The ACT could become Australia's Silicon Valley of renewable energy development and a test site for new technology as it moves towards reaching its 90 per cent renewables target by 2020.
At the centrepiece of a new strategy to expand the renewable energy industry in the ACT is a $1.2 million Renewable Energy Innovation Fund collected from private companies as part of the government's 200 megawatt wind auction.
The funds will support research and product development in renewable energy technology for ACT-based start-ups, as part of a new collaborative approach with academia, the private sector and the government.
Environment Minister Simon Corbell admitted the renewables' industry currently made only a "modest contribution" to the ACT's economy, but at a launch of the strategy he said there was enormous potential for growth as the industry expands in the next 12 months with more feed-in tariff auctions, solar and wind projects.
"In the last two years the number of jobs based on renewable energy [in the ACT] grew by over 400 per cent," he said.
"Across the country we're seeing a massive slowdown in renewable energy investment and jobs and other jurisdictions have lost jobs in the renewable energy sector largely because of the uncertainty associated with the renewable energy target policy nationally."
As part of the strategy the ACT could become home to Australian-first test berths where companies can test new renewable energy technologies, connect them into the grid and "iron out any kinks and bugs in the system" before they are deployed on a commercial scale, Mr Corbell said.
Mr Corbell said Canberra had "world-leading" climate change and energy researchers and some of largest renewable energy projects in Australia which could be used to its economic advantage.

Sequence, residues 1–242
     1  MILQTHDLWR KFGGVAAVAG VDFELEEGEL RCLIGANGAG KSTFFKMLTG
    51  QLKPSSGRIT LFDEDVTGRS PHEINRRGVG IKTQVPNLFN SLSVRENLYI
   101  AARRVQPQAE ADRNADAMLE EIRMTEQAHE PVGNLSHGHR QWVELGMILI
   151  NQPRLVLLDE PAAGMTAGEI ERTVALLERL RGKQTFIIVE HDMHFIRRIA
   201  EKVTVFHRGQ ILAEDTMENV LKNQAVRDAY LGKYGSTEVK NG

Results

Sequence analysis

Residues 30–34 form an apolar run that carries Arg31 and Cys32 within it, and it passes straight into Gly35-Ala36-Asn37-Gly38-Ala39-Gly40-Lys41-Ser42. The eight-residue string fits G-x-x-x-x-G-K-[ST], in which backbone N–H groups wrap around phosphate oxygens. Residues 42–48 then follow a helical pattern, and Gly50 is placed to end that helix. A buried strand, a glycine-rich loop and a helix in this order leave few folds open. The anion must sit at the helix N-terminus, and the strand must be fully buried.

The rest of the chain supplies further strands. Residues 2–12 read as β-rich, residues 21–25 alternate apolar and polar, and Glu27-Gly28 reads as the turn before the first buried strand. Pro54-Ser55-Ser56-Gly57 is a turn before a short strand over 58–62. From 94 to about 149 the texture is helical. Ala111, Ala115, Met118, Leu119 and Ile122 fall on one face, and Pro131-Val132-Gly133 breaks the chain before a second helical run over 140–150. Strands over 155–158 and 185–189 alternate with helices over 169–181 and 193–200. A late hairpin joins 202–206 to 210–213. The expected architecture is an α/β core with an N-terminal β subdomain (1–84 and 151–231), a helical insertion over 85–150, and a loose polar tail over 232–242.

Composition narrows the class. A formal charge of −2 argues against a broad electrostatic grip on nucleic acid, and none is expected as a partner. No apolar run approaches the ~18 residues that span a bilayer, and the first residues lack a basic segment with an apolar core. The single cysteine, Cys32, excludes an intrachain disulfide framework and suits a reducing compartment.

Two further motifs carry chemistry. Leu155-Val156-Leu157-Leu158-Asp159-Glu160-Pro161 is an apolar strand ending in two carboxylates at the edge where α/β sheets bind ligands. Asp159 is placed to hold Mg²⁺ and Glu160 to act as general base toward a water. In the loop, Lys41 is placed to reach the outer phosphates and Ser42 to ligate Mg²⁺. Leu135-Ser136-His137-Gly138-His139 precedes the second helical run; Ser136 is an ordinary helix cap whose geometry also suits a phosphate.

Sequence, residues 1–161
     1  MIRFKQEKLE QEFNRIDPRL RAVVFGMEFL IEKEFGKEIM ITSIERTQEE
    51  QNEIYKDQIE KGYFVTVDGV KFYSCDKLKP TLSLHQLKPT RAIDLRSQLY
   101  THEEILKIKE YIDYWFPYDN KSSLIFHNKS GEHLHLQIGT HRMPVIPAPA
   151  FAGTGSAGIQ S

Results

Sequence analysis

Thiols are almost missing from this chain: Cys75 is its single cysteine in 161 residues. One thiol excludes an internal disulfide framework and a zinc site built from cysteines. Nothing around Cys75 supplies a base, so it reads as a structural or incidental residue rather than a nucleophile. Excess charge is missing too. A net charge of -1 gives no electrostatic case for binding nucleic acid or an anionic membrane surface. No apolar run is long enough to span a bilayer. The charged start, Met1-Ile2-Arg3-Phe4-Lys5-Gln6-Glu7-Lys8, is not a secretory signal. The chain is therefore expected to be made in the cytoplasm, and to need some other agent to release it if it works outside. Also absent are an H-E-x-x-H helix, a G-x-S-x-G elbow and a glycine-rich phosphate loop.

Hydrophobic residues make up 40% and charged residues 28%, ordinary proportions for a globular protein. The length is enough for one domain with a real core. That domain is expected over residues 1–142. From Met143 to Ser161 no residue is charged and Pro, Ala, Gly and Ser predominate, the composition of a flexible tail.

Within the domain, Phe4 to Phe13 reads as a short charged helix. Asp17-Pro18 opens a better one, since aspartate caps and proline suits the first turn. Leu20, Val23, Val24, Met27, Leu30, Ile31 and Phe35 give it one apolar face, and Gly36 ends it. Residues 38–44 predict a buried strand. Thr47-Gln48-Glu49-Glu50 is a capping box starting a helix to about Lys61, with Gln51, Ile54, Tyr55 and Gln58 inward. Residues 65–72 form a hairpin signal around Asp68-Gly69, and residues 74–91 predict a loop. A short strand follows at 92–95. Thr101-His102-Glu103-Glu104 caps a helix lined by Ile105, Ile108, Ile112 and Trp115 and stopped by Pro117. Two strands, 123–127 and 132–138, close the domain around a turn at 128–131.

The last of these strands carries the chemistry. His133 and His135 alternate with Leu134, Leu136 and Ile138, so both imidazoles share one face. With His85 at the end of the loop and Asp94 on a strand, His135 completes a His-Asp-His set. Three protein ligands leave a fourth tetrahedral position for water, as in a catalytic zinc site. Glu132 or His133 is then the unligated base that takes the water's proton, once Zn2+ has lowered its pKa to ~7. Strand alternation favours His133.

Already the collaborative approach has given rise to a new wind energy course produced by Canberra-based global wind energy company Windlab to be offered at the Australian National University next year.
The ANU's Energy Change Institute director Professor Ken Baldwin said the strategy recognised the university's expertise.
"[The course] will enable students who are part of the program we are running at the Energy Change Institute to be leaders in the future generations of renewable energy experts needed to in the development of the industry sector in this country," he said.
The strategy aims to establish more companies within the ACT sector and Windlab chief executive officer Roger Price said his Canberra-based company was an example of what the collaboration could produce.
The South East Region for Renewable Energy Excellence (SERREE), part of Regional Development Australia ACT, will bring together stakeholders of all levels from multinationals to small start-ups, all levels of government, researchers and community organisations through its industry cluster initiative, its director Liz Veitch said.
Already international giants Siemens, General Electric and Vestas have signed on to the strategy, Mr Corbell said.